Some late-morning reading all about a very bad week in professional sports.
Bruce Levenson Isn’t a Racist, He’s a Businessman
Kareem Abdul-Jabbar has become something of a renaissance man when it comes to analysis of popular culture. This is unsurprising, given that he has experience as a professional athlete, coach, executive, movie star, and countless other positions in civil society. As such, he is qualified to comment on the rapidly developing situation in Atlanta, which he does in a piece for Time. Abdul-Jabbar’s analysis is rooted in parsing out whether or not the email itself was racist, and whether Levenson, by extension, should be exonerated from anything he wrote in regards to “diversifying” his customer base. For Abdul-Jabbar, the answer is an emphatic “no.” “He wasn’t valuing white fans over blacks,” writes Abdul-Jabbar, offering that instead “he was trying to figure out a way to change what he thought was the white perception in Atlanta so he could sell more tickets. That’s his job.” On a base level, this is correct: Levenson should be attempting to make his business more profitable, and for the former NBA great, that involves asking “cringe-worthy” questions. However, Abdul-Jabbar’s conclusion is where the argument becomes shaky, at least for this reader. He asks an interesting question: “If his arena was filled mostly with whites and he wanted to attract blacks, wouldn’t he be asking how they could de-emphasize white culture and bias toward white contestants and cheerleaders? Don’t you think every corporation in America that is trying to attract a more diverse customer base is discussing how to feature more blacks or Asians or Latinos in their TV ads?” That seems to be the larger question, especially as news about Danny Ferry continues to unfold: are these the fundamental questions those who want to accrue wealth should ask, or are they asked in order to maintain already existing structures? Either way, Kareem is worth reading, especially on this issue.
The Moral Arc of Pro Sports Bends Towards Profit
In a variation of some of the same themes tackled in Abdul-Jabbar’s piece, Jack Dickey (also writing for Time) takes a different look at what sports fans are seeing in the headlines this week: the multiple forms of violence produced by capitalism the pursuit of profit, and what they all mean in a larger picture. To do so, he skillfully weaves both moralistic elements of the Ray Rice story and the Atlanta Hawks story to illustrate how sports, as he terms it, “arcs towards profit.” Dickey points out that the NFL — specifically commissioner Roger Goodell — are benefiting from the diligent work of image consultants to portray themselves as “strong leaders” when it comes to social issues, yet a dramatic disconnect remains, not just in terms of individual behavior, but also profit margins. Dickey wins major points by extending this analysis to the NBA, which is participating in the same problematic practices with none of the fiery critiques. “The NBA is winning praise (and facing no criticism) for fighting a tacit racism it funded and nurtured less than a decade ago,” writes Dickey, referencing recent events with Donald Sterling and the NBA. “Writers are looking to an empty NFL suit to help solve a real crisis.” This state of affairs illustrates an ugly tension in modern, decadent American culture: that writers and fans demand change of all sorts, but are looking in completely the wrong places to find them.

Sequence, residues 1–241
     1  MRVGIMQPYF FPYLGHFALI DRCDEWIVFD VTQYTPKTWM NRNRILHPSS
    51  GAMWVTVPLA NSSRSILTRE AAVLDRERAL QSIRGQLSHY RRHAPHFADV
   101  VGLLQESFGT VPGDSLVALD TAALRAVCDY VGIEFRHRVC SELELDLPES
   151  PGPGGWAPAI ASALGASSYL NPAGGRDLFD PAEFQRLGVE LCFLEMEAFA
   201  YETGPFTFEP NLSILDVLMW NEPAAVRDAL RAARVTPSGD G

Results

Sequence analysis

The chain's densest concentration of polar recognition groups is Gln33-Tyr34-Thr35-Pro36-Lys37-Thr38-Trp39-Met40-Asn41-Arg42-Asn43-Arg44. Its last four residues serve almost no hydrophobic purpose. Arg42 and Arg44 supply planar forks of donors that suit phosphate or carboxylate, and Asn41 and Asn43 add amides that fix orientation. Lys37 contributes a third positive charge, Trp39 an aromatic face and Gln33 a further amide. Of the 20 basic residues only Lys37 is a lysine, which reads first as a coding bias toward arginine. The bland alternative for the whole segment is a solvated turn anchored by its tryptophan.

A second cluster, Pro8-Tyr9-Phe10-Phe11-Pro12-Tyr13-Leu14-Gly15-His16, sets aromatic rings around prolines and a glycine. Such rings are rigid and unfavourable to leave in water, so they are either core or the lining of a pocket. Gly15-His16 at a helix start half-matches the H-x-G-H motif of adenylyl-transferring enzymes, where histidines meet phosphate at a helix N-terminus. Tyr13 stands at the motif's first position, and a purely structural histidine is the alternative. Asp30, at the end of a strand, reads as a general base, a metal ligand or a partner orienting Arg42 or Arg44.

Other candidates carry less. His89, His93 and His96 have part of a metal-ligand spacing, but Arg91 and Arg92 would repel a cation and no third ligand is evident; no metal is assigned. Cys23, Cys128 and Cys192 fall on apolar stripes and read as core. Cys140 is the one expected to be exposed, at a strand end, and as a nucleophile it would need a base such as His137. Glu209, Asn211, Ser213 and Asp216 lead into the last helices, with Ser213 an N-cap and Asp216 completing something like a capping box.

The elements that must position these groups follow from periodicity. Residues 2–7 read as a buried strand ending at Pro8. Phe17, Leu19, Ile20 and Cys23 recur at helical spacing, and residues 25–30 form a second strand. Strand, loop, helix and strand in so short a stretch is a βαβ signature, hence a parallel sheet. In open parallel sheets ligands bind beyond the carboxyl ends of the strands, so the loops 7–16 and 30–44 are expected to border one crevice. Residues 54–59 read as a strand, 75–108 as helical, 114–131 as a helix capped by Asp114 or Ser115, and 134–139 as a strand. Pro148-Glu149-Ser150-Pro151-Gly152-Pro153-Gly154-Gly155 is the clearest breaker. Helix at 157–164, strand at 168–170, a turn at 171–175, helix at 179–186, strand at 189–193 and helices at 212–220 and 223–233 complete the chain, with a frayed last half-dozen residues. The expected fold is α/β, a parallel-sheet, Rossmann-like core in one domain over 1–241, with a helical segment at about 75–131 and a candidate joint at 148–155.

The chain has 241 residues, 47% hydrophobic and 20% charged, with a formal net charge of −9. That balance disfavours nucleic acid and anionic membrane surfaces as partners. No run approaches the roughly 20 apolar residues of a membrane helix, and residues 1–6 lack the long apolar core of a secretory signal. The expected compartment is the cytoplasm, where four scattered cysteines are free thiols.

Bruce Levenson, Donald Sterling, and our Figurehead Problem
In this take on the Hawks situation — and the “pursuit of profit” theme that seems to be front-and-center in this first-wave of analysis — Evans Clinchy takes an original approach, and looks at the role our glorification of “figureheads” in this mess. Like others, Clinchy looks closely at the email Levenson sent, and chooses to privilege “intent” over discourse. In his analysis, he asks important questions about Levenson’s postulations, and asks whether we might look beyond the individual, and focus on the larger structural issues that compel Levenson to make problematic observations. “Is that racism, or is that just good business sense?” writes Clinchy, before concluding somewhat open-ended-ly that “there’s a fine line, and the immorality of treading such a line falls to the wayside in the pursuit of profit.” While I agree that there should be room for nuance in every analysis — and Clinchy certainly is nuanced as he lays out a compelling and well-constructed argument to focus on aspects besides the racist himself — we should beware apologizing for racism in the name of perpetuating the worst parts of capitalism.
The Sterling Shuffle: Unpacking White Jewish Racism
(Editor’s Note: This annotation originally appeared in the May 5, 2014 edition of the ASBR). When Donald Sterling’s comments were released to the public, many shrugged their shoulders, mostly because both the racist, and his racism, have been around since time immemorial. The goal of the analyst, then, was to illustrate an aspect of his comments that might be surprising to even the most jaded readers. Sikivu Hutchinson shows the reader how Sterling’s comments are informed by a tradition of racism developed by Jews who, like blacks, have fought to be viewed as “Americans” in the United States of America. Hutchinson explains that most Jews did this by emphasizing their whiteness, usually through de facto racist practices against other non-whites. As such, an ugly history of segregation, and an ugly language of racism, have emerged over the years. Moreover, Hutchinson points out this historical tradition has evolved into an anti-black/African bent in Israeli nationalist politics and discourse. This is an excellent contextualization of Sterling; one that was far different than the others.